I can't tell if you're being funny or deserve to be beaten with a stick.
the majority of Americans would rather have quantity over quality.
"Good enough" is usually good enough, especially for consumer goods that won't be around that long anyway.
The power was out for 5 days after Isaac, and we got used to the heat., as our great grandparents did before A/C.
A gas stove really helped, though, since even then cold meals get old.
More like this, to put over a 5 gal bucket.
So they were lying when they said they were "stretched in most areas of the country"?
My cousin, when a newly-minted psychiatrist, worked for NZ on a 6 month contract and so has intimate, first-hand knowledge of NZ's health care problems: every sector has shortages.
Doctors and nurses don't want to permanently work there because the salaries are so low. Thus, they need to spend more money on foreign contract workers.
Immigration New Zealand has told one pregnant woman that - despite her financial stability - she would "be putting an additional strain on our already short services", which the department claimed were "stretched in most areas of the country".
If I get sick and need expensive medical assistance...
How long will you have to wait to get it? Canada, NZ & UK have pretty long waiting lists for expensive procedures (don't know about other countries), and people regularly die waiting for them.
I live in New Orleans, too, but the part that doesn't flood.
We still left for Katrina, but were back in 6 weeks, after the power and cable (I telecommute) were pretty reliable.
In July we'll stock up on:
- canned food,
- powdered milk,
- bottled water,
- paper diningware/plastic utensils,
- cat litter,
- a camp toilet.
They aren't the same thing.
Which is why I wrote, Actually, though, those are procedures.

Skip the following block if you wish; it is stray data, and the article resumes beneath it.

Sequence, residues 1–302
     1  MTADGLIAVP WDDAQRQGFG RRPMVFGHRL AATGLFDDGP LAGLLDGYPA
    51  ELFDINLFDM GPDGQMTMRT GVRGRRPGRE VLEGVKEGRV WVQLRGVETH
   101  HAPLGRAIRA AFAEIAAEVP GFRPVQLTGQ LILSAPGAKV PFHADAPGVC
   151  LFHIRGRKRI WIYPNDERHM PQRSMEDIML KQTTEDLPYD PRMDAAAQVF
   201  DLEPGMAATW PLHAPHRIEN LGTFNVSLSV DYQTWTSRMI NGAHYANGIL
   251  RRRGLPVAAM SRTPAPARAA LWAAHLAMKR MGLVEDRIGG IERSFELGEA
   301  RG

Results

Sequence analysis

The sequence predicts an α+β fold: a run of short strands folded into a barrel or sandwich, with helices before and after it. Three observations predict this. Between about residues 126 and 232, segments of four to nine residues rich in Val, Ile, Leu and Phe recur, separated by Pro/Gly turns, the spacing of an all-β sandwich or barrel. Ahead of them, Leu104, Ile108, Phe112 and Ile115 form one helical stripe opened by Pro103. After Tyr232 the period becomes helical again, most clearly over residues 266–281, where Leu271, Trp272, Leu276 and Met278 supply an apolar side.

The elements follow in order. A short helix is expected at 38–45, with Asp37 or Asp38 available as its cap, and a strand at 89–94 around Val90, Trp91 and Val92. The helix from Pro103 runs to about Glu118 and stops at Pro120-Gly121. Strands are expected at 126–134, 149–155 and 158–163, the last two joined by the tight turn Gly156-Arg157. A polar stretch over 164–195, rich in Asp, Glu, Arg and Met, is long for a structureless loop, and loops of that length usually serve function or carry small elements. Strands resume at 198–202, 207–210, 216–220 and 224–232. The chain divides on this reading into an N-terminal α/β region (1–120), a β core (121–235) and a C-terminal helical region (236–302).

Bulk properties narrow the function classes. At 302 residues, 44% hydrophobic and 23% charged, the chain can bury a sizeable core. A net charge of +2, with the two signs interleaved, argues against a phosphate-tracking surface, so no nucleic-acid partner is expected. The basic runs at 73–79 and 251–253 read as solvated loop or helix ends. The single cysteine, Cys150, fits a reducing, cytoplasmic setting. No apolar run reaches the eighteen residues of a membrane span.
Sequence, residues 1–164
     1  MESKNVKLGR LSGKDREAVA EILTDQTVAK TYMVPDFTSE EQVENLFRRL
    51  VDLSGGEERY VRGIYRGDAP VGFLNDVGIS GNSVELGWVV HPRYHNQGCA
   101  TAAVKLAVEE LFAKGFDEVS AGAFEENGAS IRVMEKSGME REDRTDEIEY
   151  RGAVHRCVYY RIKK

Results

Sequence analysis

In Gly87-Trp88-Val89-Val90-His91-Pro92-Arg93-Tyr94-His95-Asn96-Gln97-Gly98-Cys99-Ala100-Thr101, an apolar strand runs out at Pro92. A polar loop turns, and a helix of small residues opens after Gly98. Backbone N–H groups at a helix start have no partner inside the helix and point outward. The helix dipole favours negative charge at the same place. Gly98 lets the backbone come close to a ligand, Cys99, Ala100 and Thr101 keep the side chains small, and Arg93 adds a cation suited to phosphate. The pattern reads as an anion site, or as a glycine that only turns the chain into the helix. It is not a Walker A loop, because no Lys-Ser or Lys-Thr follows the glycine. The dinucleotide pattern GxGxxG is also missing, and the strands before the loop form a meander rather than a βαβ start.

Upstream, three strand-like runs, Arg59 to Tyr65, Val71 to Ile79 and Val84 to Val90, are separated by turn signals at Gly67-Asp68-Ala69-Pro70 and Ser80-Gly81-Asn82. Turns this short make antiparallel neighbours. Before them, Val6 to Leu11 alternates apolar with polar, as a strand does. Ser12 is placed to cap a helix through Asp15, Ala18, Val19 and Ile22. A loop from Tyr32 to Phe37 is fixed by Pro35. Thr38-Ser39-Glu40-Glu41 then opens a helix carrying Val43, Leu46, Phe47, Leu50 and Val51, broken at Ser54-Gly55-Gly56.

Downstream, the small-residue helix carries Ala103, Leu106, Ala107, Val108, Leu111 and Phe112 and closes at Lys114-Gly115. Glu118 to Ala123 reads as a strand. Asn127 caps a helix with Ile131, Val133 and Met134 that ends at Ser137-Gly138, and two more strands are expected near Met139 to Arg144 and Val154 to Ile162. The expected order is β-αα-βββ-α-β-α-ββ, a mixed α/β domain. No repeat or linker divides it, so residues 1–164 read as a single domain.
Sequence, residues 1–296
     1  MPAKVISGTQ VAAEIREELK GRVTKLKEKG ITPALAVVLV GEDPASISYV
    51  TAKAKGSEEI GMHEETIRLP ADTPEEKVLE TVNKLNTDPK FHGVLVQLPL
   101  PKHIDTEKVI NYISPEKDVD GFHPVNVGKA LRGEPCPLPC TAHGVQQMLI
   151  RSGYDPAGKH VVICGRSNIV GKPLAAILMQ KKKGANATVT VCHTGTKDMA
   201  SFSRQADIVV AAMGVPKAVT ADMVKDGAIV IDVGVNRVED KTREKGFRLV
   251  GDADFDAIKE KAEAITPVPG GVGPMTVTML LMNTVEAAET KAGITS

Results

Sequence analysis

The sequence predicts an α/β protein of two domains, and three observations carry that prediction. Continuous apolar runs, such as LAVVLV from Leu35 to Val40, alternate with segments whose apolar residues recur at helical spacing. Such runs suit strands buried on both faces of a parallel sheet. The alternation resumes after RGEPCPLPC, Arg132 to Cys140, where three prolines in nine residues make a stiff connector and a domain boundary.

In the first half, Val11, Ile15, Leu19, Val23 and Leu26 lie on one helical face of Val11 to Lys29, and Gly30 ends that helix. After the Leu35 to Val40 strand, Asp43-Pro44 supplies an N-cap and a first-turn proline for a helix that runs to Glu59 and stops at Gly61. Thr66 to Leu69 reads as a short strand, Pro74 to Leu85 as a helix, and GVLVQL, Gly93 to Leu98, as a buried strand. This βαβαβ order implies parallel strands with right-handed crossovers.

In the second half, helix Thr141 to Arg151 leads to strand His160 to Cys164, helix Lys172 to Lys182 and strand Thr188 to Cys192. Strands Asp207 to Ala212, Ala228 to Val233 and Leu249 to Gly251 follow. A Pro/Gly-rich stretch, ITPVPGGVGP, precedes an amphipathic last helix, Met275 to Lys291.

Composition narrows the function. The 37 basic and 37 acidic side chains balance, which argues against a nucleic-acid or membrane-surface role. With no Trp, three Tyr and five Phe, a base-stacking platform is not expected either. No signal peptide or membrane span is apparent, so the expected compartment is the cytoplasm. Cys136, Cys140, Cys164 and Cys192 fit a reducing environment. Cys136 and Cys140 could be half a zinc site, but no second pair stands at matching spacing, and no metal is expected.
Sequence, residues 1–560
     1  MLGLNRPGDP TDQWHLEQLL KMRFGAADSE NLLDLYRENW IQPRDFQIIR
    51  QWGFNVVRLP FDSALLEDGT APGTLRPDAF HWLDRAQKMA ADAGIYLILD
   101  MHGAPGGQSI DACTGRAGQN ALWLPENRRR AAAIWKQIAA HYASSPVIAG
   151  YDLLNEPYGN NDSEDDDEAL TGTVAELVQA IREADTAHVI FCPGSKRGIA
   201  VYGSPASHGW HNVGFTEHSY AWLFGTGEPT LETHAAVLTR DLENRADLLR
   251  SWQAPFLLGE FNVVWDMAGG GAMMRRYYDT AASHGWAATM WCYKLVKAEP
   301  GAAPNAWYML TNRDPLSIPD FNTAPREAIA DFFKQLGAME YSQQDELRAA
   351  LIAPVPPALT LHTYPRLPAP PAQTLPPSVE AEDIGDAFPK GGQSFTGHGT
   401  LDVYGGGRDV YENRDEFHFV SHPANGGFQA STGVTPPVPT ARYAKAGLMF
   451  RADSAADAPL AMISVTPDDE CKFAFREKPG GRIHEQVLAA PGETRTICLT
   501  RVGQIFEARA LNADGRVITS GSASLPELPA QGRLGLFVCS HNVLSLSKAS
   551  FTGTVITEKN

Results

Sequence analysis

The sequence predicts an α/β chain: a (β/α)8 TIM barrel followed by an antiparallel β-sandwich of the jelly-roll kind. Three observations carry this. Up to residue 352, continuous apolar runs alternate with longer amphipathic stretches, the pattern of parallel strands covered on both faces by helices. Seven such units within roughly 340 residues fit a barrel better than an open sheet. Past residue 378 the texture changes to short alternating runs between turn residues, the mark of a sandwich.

Most people aren't as open-minded as you...
One correction, though: mainframes *are* back ends. And COBOL is a very portable language. As long as you aren't calling CICS or IMS, mainframe code should run perfectly fine on Linux.
While COBOL doesn't have functions that reside in the same file as the code you're currently writing, it certainly does (since at least COBOL-74) have CALL. Actually, though, those are procedures.
A lazy programmer is a lazy programmer no matter what language he uses.
No doubt that COBOL can easily be made very painful.
Maybe I was just fortunate to hook up with grey-beards who *grokked* the language far more than our textbook and teacher ever did, and showed me language features and coding techniques that made the programs quite structured.
You know I never understood the hate for COBOL
In 1984 it was:
1) Comp Sci snobbery.
2) Horrible textbooks.
The painful contortions that Shelly & Cashman twisted COBOL-74 into so as to be GOTO-less meant that no one liked the language.
It was only when I got a Real Job in the Real World that I appreciated the power of COBOL.
You haven't actually written production COBOL, have you?
No first-class functions. No lambdas.
Not that your typical business report program has any use for those things.
Exactly. COBOL and FORTRAN were targeted domain-specific languages before the term was invented, and the targets weren't Edsger Dykstra.
COBOL is a great language for it's specific domain. There's a special Hell waiting for PHBs who mandate C/C++ and Java for record-oriented business applications.